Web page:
in A. P. de Candolle and A. L. P. P. de Candolle, Prodr. 2: 633. 1825
Phenology: Flowering May–Jun; fruiting Jul–Aug.
Habitat: Margins of woods, river ledges, shorelines, rocky slopes, crevices of open rock faces and cliffs, noncalcareous to slightly calcareous sites
Elevation: 0–1000 m
N.B., Ont., Que., Sask., Ala., Conn., Ga., Ill., Iowa, Ky., Maine, Md., Mass., Mich., Minn., N.H., N.J., N.Y., N.C., N.Dak., Ohio, Pa., Tenn., Vt., Va., W.Va., Wis.
This treatment follows G. N. Jones’s (1946) and E. G. Voss’s (1972–1996, vol. 2) with the inclusion of Amelanchier huronensis in A. sanguinea. The former was considered to differ from A. sanguinea in having longer proximalmost pedicels, sepals, and petals, but overlap occurs in the ranges of these characters. Moreover, A. sanguinea has been seen far from the range of A. huronensis (southern Ontario, Michigan, Minnesota, and Wisconsin) with petals as long as the longest reported for A. huronensis. Occurrences of A. sanguinea in Kentucky and North Dakota are questionable, as no specimens were actually seen to confirm the presence of this species from these states.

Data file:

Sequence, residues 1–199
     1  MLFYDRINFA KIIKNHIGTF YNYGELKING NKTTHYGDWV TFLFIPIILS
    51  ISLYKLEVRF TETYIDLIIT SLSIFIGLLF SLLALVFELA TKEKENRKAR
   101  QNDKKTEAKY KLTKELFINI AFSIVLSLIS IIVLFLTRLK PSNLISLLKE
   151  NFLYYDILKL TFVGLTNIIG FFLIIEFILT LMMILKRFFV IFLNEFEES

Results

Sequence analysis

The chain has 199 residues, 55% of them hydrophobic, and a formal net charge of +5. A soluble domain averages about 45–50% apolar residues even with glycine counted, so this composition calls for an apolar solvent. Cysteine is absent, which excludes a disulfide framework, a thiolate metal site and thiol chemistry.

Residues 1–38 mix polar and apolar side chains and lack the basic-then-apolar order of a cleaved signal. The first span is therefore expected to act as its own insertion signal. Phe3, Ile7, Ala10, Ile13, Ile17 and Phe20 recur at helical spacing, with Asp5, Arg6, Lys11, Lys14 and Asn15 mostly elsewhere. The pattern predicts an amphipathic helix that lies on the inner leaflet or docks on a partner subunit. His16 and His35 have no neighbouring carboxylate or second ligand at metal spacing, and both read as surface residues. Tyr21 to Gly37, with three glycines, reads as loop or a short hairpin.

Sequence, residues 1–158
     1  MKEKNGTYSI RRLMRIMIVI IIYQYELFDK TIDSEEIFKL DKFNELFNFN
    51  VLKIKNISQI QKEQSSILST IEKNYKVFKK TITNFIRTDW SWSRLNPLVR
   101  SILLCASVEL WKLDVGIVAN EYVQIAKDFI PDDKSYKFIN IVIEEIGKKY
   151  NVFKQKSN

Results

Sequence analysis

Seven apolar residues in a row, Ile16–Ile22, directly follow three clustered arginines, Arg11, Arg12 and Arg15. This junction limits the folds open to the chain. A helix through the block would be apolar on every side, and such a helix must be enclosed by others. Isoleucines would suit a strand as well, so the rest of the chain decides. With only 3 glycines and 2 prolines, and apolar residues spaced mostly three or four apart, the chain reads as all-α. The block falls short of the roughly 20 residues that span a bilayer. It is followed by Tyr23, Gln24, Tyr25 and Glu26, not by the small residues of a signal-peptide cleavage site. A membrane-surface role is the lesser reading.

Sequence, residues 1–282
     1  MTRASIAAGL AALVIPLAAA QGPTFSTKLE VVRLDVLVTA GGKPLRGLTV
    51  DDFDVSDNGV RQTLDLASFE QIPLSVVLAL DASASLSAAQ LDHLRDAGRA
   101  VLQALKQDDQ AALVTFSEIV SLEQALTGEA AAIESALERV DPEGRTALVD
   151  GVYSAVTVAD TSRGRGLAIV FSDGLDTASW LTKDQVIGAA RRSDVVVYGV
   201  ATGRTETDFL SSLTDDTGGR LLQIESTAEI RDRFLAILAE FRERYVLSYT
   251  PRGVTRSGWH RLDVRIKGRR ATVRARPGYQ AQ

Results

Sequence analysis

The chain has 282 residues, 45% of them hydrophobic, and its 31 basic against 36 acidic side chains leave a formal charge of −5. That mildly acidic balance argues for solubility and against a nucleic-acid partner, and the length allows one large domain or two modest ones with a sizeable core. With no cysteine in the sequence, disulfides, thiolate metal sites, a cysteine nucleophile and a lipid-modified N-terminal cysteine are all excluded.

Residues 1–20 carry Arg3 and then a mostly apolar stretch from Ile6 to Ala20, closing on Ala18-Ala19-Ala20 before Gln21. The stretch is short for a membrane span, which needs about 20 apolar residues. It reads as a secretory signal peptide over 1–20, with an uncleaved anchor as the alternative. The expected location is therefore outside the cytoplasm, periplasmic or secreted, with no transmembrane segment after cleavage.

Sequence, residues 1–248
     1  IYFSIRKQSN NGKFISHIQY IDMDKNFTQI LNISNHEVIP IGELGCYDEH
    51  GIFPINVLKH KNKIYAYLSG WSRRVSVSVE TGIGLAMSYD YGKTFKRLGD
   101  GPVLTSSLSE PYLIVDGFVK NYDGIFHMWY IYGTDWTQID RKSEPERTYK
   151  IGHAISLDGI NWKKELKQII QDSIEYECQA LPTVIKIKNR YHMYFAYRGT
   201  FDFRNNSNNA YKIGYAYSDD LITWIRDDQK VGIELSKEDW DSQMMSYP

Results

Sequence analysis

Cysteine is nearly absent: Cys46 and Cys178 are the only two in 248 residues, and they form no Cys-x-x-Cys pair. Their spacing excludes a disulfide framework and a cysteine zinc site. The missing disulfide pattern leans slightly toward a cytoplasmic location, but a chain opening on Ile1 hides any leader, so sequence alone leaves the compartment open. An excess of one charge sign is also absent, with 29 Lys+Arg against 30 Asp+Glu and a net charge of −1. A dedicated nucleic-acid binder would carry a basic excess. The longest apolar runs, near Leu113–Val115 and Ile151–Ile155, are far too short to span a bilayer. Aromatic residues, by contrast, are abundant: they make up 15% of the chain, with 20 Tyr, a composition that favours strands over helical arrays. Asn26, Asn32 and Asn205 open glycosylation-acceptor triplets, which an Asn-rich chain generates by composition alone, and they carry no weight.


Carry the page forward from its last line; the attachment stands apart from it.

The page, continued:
Amelanchier sanguinea has shorter petals than A. amabilis. Amelanchier humilis differs from A. amabilis and A. sanguinea in having shorter proximalmost pedicels, erect inflorescences, and shorter petals. Amelanchier amabilis, A. sanguinea, and, to a lesser extent, A. humilis resemble western North American congeners.
Amelanchier sanguinea flowers 10 to 14 days after A. arborea and A. laevis, according to K. M. Wiegand (1912), and at the same time as A. amabilis. Hybrids between A. sanguinea and A. bartramiana, A. canadensis, A. laevis, and A. spicata have been reported (M. L. Fernald 1950; P. Landry 1975). The authors have observed A. sanguinea flowering with A. amabilis but no putative hybrids were observed.